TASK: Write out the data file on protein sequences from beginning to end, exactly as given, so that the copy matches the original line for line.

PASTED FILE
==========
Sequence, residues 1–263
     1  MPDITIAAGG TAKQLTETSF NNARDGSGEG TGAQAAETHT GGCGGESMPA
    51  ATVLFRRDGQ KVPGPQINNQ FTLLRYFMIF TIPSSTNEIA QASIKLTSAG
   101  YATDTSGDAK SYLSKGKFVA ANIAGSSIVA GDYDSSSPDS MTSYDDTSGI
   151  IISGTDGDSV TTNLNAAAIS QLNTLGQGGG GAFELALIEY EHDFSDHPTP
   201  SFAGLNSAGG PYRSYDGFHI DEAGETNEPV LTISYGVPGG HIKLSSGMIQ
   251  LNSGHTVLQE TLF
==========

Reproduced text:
Sequence, residues 1–263
     1  MPDITIAAGG TAKQLTETSF NNARDGSGEG TGAQAAETHT GGCGGESMPA
    51  ATVLFRRDGQ KVPGPQINNQ FTLLRYFMIF TIPSSTNEIA QASIKLTSAG
   101  YATDTSGDAK SYLSKGKFVA ANIAGSSIVA GDYDSSSPDS MTSYDDTSGI
   151  IISGTDGDSV TTNLNAAAIS QLNTLGQGGG GAFELALIEY EHDFSDHPTP
   201  SFAGLNSAGG PYRSYDGFHI DEAGETNEPV LTISYGVPGG HIKLSSGMIQ
   251  LNSGHTVLQE TLF